Are you a new nurse interested in a career as a pediatric ICU travel nurse? Or are you an experienced nurse looking to expand your skills before diving into pediatric ICU travel nursing? Remember, you’ll need two years of recent, hospital experience in order to take a job as a travel pediatric intensive care nurse. Read on and then check out our board full of travel nurse jobs and connect with a Triage recruiter to get started.
What Exactly Is the PICU?
While most people have probably heard of the NICU, the PICU is less well-known. Nurses who work in the NICU care for babies who need extra medical attention, but PICU nurses care for some of the sickest toddlers, children and adolescents. Kids there require round-the-clock care that’s individual, which means that many PICU nurses have one or two patients during their shift.
The kids in the PICU could be there for a number of reasons. They might have just had surgery, have issues with their lungs or their breath (including RSV and other respiratory illnesses), had a severe injury or infection or complications from cancer. Most kids have brief stays in the PICU and fewer than five percent of kids stay there more than 12 days.
What Are the Travel Pediatric ICU Nurse Requirements?
So you know what the PICU is, now, how do you become a PICU nurse? Obviously, you’ll need your RN license, which means going through nursing school and passing the NCLEX test. Many PICU nurses start out in a different area of the hospital, such as med-surg. To work as a PICU nurse though, you’ll need your Basic Life Saving, Advanced Cardiovascular Life Support and Neonatal Resuscitation Program certifications. The Pediatric Advanced Life Support certification is also a good idea and may be required for some positions.
Certifications and experience aside, PICU nurses need to be able to work in high-stress, fast paced environments, under an incredible amount of stress and scrutiny. Their patients are children, which means they’re often also dealing with parents who are experiencing the worst moments of their lives. PICU nurses need to be compassionate and provide emotional support, but still able to detach at the end of the day so they don’t carry that heavy load once they’re done with work. It’s important for PICU nurses to take care of themselves. Not unlike what they say on an airplane—PICU nurses need to care for themselves so they can take care of others at work.
Can ICU nurses work PICU? It’s a valid question, but the answer is not without experience in the PICU. Children have different needs than adults so you can’t just dive into a PICU position without training. One of the biggest differences between the two though is how to communicate with children. Although you’ll often be talking with parents, you’ll also need to be able to work with kids and help them through scary medical procedures.
Patients and Floating
Patients in the PICU can be there for a number of reasons and PICU nurses need to be able to handle a variety of medical concerns, including:
- Respiratory failure
- Respiratory distress
- Chest tubes
- Nasal CPAP
- Pulmonary Edema
- Invasive surgery
- GI and renal disorders
- Cardiovascular disease/disorder
- Neuro Spine Injury
- Congenital Anomalies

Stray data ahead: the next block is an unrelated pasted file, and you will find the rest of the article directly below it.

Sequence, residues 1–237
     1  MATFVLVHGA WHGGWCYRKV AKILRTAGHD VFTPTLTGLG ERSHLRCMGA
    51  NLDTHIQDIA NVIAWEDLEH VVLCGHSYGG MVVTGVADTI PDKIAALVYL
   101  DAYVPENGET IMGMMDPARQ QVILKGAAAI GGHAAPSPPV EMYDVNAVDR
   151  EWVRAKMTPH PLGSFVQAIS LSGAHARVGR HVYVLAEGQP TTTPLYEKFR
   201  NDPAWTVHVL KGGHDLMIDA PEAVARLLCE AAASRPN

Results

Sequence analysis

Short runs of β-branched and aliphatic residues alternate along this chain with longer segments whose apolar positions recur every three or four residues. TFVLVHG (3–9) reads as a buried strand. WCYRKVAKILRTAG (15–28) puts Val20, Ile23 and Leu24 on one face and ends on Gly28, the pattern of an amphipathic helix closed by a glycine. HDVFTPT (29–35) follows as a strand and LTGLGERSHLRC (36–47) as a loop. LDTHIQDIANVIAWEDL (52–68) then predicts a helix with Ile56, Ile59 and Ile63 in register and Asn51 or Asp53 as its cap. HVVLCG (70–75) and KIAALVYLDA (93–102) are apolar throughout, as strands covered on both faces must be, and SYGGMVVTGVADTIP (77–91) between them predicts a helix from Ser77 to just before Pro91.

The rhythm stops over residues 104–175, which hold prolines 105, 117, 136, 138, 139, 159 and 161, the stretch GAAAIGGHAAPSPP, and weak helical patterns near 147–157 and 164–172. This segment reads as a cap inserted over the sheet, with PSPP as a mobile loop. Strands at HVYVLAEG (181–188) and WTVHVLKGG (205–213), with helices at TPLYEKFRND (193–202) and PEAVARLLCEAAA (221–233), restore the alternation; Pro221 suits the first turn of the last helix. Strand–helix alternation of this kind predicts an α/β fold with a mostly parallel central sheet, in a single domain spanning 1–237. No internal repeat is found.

- Severe Infection
- Physical Trauma
Because of this vast list of responsibilities, it’s possible for PICU nurses to be floated to PCU or stepdown units.
How Much Is a PICU Travel Nurse Salary, Per Hour?
Salary and job outlook wise, things look good for PICU nurses. The career field is expected to grow 6% between now and 2031, which means job openings will increase. Staff PICU nurses can expect to earn an average rate of $94,000, but this is entirely dependent on what state you live in. Nurses in Missouri average around $70,000, $76,000 in Texas and $112,000 in California.
A travel pediatric nurse salary can also vary quite a bit. Unlike a staff nurse salary, travel pediatric intensive care nurse salary in the USA can vary by season, as well as location. When winter hits, so does RSV season which almost always increases the need for travelers.
Currently (as of January 2023, but these numbers can change rapidly), travelers in the PICU can earn up to $5000 each week, but actual rates can start at $2000. Before you take an assignment, check with your recruiter to see if the salary meets your needs, but also don’t forget about the difference cost of living can make. A high cost of living location with a $4500 rate can work out to be about the same salary as a $3000 rate in a low cost of living location. If you still want to check out an assignment in the higher cost of living area, that’s fine, but it’s important that you have all the information to make the right decision.
Because nurse practitioners go through extra training, a travel PICU nurse practitioner salary can be higher. However, there are likely not as many jobs available so if you’re looking for one, you may have be very patient or flexible with your job requirements.
When comparing travel PICU vs NICU salary, you may notice some small differences. Because the NICU sees only babies, while the PICU sees toddlers through adolescents, PICU nurses may have higher rates and more opportunities.
The best thing to do if you’re looking for a PICU travel job is to talk to a Triage recruiter. Triage recruiters work tirelessly to find our travelers the right assignment, but won’t tell you what you want to hear just to get you to sign on the dotted line. If that gig near the ocean isn’t a day at the beach, they’ll tell you and hustle like hell to get you an assignment that checks as many boxes as you want.
To find a travel PICU job, check out our travel nurse jobs board today.